Soul's Shadow

by TardisGhost [Reviews - 79]

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  • Teen
  • None
  • Action/Adventure, Character Study

Wide eyed I stared at the small crowd of men and women who celebrated our victory. I saw several wounds and shred armour and clothes, but all of them smiled and yelled and it was just contagious. A laugh bubbled up in my chest, I raised my fist and let out a cry myself, grinning from ear to ear.

Ivar ran over, hugged me tight and even lifted me from the ground. "By all gods, Roka! I thought you had been crushed!" He laughed and sat me back to the ground, looked behind me. "If it hadn't been for Erik's help we couldn't have moved the corpse enough."

I turned and needed a moment to adjust my eyes, due to the one missing contact lens. But then I saw who had helped me up. The Master stood there, glaring at Ivar with barely contained hatred. His look landed on me, got even worse for a second, before he simply stormed past us and vanished behind the dragon's corpse.

My heart dropped painfully. Even after we had fought together he still left me behind like that, without even a word or explanation. It hurt more than all the scrapes and scratches on my body.

"Let's get out and inform the others," one man spoke up, referring to the backup group that had stayed outside. For both cases, to inform the settlement if we lost, or to help get the dragon's corpse out of the cave if we won. "And get our injured people patched up."

For the most part I stayed silent on our way back, barely noticing the pain from my wounds. None of them stung as much as my heart did. I knew it shouldn't, knew it was stupid and inappropriate to be so down. But it was no help.

"You alright?" Ivar asked eventually.

I hummed. "Just exhausted," I half lied.


The Doctor was in the settlement, awaiting our return eagerly. It seemed he had annoyed at least half a dozen people with his fidgeting by now, but a group of children was surrounding him, begging him for more stories when I came in hearing distance.

"Maybe later," he promised with a smile and searched our little crowd with his eyes. They landed on me for a brief moment, but quickly darted further and his face became worried.

"He's still alive," I mumbled towards him. "Probably stealing some dragon teeth or whatever."

The Doctor let out a relieved sigh and rubbed a hand over his face. "I have no idea how he managed to leave the TARDIS. I wanted to fly off, but then he wasn't there anymore and..."

I blinked at him, once, twice. I shouldn't feel so disappointed, I just shouldn't. After all, I myself had told him I didn't want to return. So why did it hurt so much to hear he had been leaving so soon? And without even saying goodbye. All he seemed to care about was to get his prisoner back into his chains and then... Whatever it was he was actually doing.

I swallowed down all my feelings and gave him a weak smile. "Just so you know. He saved us all. Without his laser screwdriver none of us could have defeated the dragon."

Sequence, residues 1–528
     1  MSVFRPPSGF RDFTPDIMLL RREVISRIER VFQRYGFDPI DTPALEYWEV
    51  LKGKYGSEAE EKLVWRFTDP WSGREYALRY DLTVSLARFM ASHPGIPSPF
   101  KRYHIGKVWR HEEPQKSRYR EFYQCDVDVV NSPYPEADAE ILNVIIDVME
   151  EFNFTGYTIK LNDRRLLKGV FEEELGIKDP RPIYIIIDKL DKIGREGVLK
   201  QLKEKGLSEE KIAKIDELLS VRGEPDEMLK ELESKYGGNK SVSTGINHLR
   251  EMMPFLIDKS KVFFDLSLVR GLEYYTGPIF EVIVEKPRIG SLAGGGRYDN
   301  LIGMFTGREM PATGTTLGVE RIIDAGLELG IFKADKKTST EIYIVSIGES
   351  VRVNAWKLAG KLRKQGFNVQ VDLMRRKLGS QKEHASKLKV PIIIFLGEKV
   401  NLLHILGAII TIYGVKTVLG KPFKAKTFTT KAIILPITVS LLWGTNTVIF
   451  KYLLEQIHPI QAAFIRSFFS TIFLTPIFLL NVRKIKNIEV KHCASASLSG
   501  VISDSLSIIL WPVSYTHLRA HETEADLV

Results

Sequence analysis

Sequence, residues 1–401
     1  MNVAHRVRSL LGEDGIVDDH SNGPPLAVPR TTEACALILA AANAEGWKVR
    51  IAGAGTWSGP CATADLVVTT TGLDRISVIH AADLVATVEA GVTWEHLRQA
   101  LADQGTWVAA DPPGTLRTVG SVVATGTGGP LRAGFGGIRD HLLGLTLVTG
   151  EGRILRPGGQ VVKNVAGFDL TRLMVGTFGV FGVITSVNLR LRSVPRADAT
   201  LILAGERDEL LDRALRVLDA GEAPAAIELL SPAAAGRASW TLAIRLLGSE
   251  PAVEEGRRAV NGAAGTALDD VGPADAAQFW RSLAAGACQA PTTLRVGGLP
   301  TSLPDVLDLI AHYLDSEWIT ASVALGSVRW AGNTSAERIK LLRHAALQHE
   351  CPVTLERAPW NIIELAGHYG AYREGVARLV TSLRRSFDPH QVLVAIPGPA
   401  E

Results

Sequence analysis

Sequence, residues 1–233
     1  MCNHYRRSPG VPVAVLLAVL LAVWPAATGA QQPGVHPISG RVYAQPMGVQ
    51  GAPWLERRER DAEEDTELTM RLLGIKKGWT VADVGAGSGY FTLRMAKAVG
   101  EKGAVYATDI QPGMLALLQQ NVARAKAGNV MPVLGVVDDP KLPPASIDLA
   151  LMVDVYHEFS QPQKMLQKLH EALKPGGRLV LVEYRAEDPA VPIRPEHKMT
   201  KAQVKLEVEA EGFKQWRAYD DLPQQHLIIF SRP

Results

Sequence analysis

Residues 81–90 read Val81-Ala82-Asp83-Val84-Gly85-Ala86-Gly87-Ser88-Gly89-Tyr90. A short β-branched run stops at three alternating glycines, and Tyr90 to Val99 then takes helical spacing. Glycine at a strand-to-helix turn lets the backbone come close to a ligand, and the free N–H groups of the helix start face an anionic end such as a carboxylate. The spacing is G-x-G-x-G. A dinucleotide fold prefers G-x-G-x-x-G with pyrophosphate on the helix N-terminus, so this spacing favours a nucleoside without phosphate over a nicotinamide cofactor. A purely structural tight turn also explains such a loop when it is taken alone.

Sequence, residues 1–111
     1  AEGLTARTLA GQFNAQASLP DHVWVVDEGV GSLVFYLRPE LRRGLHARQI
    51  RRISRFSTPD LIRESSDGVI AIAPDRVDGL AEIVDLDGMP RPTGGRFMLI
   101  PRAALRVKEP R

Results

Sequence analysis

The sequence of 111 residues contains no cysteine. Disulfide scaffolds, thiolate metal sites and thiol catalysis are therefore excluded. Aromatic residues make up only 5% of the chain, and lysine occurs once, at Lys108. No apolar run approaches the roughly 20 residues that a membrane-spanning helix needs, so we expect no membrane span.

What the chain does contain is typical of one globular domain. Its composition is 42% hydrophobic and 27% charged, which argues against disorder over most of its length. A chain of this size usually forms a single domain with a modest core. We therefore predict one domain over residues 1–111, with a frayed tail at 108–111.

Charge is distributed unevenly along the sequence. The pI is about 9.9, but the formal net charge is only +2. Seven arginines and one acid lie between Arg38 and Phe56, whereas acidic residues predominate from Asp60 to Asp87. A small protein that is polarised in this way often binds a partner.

The Doctor's eyes widened and his mouth dropped open to form a silent 'o'. Not that it would change anything, but maybe... Why did I even care? For a second I truly hated myself for still trying. The Master wouldn't thank me, wouldn't ever learn that I had told this. And even if...

By the light of the next day they'd long be far away.


It was impossible to find rest this night, and maybe it was for the better. Surely there were more weird dreams lurking in the depths of my mind. If not about waves and ravens, then about things I didn't want to think about.

How I would live from now on, how I would fit in - or not. Where I even was supposed to stay. Would I need to build my own home? There was enough space in the burnt ruins. For the night I had settled in the guest house again, had managed to make a fire after some attempts, had watched until the flames had died down to embers, then ignited another few logs so I wouldn't freeze in bed.

A nagging feeling in the pit of my stomach made me hope someone would knock, would just ask where and how I was. Maybe Ivar would come. To celebrate our victory, to see if I was injured, to simply be there, where everyone else had left.

But no one came.

It wasn't surprising, really.

With the first rays of sunlight I climbed out from under the pelts, got myself clean and slipped into the only clothes I now possessed, although they were quite dirty and had stains of my and the dragon's blood on them. Well, better than nothing. I could hide the worst under the pelt cloak the Master had given to... I scowled and almost threw it away, but then decided against it. Outside the temperatures were still freezing cold.

I also made sure to clean all wounds I could find. Most of them were only scratches and scraped off skin. Nothing to be concerned about. Only the two long, deep scratches that stretched over my right side looked nasty. In the ruckus of the fight I hadn't even noticed that the dragon had caught me once. Only after I had calmed down had I noticed a pain at this spot. It was hard to bandage them properly, but that didn't matter much.

A bigger vexation was the missing contact lens. Only seeing sharp on one eye made my head dizzy and I saw worse than had I gone blind on that site. A few strings and a patch of leather would do. For now. What would happen to me when the second lens got lost? This was something I hadn't thought about.